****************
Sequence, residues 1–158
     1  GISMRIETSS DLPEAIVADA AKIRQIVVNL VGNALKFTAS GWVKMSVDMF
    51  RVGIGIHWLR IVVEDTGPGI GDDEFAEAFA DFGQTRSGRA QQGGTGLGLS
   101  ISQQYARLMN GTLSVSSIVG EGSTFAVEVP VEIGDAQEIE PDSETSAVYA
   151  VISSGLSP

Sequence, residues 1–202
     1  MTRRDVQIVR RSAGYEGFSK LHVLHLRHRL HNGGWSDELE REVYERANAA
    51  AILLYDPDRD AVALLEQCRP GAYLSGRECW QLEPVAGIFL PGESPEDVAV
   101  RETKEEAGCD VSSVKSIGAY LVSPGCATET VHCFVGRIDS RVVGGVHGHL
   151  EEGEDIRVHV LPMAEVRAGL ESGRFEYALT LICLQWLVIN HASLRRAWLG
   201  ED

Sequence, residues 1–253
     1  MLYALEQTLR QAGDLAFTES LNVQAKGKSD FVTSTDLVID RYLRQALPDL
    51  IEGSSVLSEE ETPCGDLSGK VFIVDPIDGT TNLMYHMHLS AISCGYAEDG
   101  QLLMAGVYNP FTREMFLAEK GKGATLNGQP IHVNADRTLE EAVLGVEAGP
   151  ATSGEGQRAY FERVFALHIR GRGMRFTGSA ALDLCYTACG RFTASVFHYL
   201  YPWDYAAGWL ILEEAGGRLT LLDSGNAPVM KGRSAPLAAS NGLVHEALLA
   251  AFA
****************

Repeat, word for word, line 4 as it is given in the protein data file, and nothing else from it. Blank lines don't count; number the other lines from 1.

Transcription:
   101  ISQQYARLMN GTLSVSSIVG EGSTFAVEVP VEIGDAQEIE PDSETSAVYA